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Green Voices of the Past: The German and Irish Connection during World War I

Posted for: Emily Poteat.

The assassination of Archduke Franz Ferdinand on June 28, 1914 ignited international political tensions, and catapulted the world into World War I a month later. World War I was fraught with multiple layers of political significance for countries and individuals across the world. For the Irish American Club, who called themselves the Clan-na-Gael, the Great War presented a way for Irish Americans to directly work against the interests of the British, and towards forming political ties to support the cause of Irish Independence. In the Minute Book of the Board of Officers for the Irish American Club, the way in which Irish Americans, in the Irish American Club, actively engaged in support of the German war effort comes to light, and offers new insight into ways Irish Americans engaged in Irish republicanism during the early twentieth century.

Seemingly the disdain and urgency to work against British interests in World War I emerged soon after the onset of the conflict. Just short of two months after the beginning of World War I, on September 20, 1914, the Irish American Club in their meeting minutes for that day’s meeting discuss ways to work against Irish people fighting for the English in the war. This is clear with the statement “A motion was passed that a re-union [sic] be called for next Sunday night to pass resolutions condemning the action of Redmond and those so called Irish leaders in urging the Irish people to join the English army to fight against Germany” (p. 308). With this strong assertion against Irishmen fighting for the English in World War I, it is clear that the Irish Americans were conflating support of the English with anti-republicanism, as this war was viewed by the Irish American Club as serving the interests of the British. Because of this understanding of the First World War, the Irish American Club worked earnestly to support the opposing side of the war, the Germans.

The Irish American Club’s support of the German war effort emerges from the pages of the Minute Book of the Board of Officers for the club, in the form of both advocacy work and monetary support. For, on page 392 of the minute book, in an entry of meeting minutes from March 21, 1915, the club donated seven hundred dollars to the German and Austrian Red Cross. This is evident with the statement “Bro McGarrity produced a receipt from the German + Austrian Consuls for $70000…for the German + Austrian Red Cross” (p.392). Clearly with a monetary contribution of that value, the Irish American Club were staking their claim and attempting to make ties with the Germans in working against the British war effort. Further denoting this tie between the Irish Americans and the German war effort, “a letter of thanks from the German Ambassador at Washington thanking Clan Na Gael for” the donation of money to the German and Austrian Red Cross was delivered to the Irish American Club (p. 392). In addition to their monetary support, the Irish American Club also held demonstrations in connection with German-American societies in support of American neutrality in the war.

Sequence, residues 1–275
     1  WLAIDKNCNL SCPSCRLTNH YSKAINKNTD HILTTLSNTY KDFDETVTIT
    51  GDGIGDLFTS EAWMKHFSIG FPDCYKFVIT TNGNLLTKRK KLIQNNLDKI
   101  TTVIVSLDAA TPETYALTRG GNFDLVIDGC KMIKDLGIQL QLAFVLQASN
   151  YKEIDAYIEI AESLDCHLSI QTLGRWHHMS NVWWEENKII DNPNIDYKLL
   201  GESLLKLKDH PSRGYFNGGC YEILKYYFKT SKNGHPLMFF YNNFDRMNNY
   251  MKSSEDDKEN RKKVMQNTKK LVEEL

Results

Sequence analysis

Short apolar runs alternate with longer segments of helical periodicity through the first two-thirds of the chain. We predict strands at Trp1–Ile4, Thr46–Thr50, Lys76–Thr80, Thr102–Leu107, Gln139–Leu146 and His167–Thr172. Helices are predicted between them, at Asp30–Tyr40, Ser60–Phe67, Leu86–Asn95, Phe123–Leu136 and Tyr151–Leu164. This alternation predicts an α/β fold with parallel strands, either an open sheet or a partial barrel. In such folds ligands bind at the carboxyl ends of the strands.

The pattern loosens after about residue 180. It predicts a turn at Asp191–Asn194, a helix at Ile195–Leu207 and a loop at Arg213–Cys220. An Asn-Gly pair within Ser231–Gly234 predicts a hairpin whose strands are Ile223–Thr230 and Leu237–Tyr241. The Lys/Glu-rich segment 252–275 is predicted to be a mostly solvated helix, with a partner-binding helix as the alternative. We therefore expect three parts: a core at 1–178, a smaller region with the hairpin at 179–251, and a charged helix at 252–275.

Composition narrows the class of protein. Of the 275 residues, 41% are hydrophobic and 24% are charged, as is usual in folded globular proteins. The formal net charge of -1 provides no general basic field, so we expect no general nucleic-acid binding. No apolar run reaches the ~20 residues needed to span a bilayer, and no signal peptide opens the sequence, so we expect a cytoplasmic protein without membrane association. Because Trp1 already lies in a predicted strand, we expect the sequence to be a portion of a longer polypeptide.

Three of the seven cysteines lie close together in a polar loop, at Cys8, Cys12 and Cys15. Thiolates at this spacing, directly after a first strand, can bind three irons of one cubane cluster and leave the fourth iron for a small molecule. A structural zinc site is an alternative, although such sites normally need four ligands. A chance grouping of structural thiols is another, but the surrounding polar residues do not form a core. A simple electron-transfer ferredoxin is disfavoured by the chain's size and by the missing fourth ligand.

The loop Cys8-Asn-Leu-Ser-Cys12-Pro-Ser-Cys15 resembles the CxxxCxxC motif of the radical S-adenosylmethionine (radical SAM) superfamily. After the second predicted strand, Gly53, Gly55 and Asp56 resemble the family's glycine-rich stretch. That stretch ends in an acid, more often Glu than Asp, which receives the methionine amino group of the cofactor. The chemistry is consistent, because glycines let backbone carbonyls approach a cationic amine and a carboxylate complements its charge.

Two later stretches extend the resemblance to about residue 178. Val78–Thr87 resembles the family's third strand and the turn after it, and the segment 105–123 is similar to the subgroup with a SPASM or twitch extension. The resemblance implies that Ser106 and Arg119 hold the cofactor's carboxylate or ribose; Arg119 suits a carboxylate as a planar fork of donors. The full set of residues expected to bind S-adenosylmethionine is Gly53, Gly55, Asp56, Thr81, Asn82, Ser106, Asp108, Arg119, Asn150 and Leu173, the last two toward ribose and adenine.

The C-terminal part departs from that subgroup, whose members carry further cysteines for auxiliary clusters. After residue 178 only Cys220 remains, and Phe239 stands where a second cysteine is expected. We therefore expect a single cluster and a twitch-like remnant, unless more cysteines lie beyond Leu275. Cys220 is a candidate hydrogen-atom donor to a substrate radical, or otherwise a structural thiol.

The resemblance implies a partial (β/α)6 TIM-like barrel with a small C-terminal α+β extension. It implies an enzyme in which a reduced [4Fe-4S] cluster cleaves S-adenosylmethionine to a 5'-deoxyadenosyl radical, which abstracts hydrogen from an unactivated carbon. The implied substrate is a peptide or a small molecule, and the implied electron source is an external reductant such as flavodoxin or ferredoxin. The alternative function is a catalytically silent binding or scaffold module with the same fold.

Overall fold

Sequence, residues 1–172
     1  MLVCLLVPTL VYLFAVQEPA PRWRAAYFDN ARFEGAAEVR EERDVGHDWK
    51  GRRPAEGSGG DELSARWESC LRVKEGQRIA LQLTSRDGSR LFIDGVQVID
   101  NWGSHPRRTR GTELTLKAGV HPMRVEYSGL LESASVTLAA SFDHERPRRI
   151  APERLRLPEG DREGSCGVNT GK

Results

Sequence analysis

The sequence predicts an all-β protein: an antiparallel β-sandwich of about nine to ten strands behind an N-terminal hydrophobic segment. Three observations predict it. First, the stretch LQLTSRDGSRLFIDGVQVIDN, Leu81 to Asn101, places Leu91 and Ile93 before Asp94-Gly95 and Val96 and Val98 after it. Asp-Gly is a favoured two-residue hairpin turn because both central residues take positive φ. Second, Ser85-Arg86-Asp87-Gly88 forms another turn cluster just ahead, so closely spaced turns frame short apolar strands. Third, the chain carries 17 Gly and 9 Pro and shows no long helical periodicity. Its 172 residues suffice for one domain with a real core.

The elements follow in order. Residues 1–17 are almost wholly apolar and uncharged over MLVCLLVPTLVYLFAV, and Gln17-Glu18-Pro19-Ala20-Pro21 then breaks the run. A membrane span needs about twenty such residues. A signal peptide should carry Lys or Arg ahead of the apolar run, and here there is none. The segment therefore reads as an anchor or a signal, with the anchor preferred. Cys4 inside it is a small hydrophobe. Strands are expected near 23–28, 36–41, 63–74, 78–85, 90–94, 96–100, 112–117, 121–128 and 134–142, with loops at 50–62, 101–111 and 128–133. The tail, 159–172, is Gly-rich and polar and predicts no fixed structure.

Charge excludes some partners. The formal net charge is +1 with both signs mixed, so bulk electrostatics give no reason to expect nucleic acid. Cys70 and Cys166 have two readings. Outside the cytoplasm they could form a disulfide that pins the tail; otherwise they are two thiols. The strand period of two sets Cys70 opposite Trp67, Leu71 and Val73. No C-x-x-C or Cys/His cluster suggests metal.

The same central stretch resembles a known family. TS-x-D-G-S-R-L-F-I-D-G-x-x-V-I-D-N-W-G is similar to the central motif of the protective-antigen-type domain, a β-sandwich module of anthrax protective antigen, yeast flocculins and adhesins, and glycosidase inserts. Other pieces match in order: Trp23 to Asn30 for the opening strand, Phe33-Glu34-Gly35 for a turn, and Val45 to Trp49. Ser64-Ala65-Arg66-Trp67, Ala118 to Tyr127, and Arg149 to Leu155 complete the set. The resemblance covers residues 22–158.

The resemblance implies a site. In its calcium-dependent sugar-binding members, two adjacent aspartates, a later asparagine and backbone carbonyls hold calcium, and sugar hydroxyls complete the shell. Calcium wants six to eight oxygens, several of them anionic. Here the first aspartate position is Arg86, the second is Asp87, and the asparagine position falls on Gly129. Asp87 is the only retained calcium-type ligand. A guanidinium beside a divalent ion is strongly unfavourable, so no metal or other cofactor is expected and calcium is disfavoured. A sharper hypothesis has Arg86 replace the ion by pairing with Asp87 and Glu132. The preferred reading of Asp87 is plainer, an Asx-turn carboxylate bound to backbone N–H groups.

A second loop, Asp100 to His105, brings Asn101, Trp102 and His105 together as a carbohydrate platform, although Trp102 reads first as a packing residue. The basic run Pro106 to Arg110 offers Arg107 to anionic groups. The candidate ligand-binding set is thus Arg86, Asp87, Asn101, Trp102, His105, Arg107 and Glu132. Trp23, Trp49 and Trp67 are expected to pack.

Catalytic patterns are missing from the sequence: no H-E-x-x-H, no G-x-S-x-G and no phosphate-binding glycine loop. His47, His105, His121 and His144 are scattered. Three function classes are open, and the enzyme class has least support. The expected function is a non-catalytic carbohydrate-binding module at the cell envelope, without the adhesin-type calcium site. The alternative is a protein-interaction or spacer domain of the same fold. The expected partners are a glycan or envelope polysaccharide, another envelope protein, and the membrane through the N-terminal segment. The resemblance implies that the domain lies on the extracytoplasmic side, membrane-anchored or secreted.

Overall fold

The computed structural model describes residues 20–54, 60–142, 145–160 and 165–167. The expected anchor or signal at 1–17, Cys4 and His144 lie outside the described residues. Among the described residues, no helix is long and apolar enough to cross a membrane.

The Gaelic American v. 12, Philadelphia, May 15, 1915

This tie between Germany and the Clan-na-Gael, under the name of the Irish American Club, is interesting to note, as it connects to other attempts to forge alliances between the Irish and the Germans. Prior to the Easter Rising, Clan-na-Gael representatives requested support from the German ambassador in the United States as early as 1914. With this information in mind, the actions of the Irish American Club in supporting the German war effort could have been in the hopes of gaining more definite support for their own revolution against England. As a whole, the actions of the Irish American Club in their support for Germany in World War I give further insight into the activities twentieth century Irish American organizations took in working towards their goal of Irish independence.

Advertisement, “Grosse Massen-Demonstration unter den Asupicien des Irish-American Club,” 1916.

Emily Poteat is a graduate assistant in Irish Studies and Falvey Memorial Library’s Distinctive Collections and Digital Engagement Department, and a graduate student in the History Department.

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1 Comment »

  1. Comment by Maitiú Ó Slataisciagh — November 12, 2021 @ 6:42 AM

    Tiocfaidh ar la!

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Last Modified: November 10, 2021

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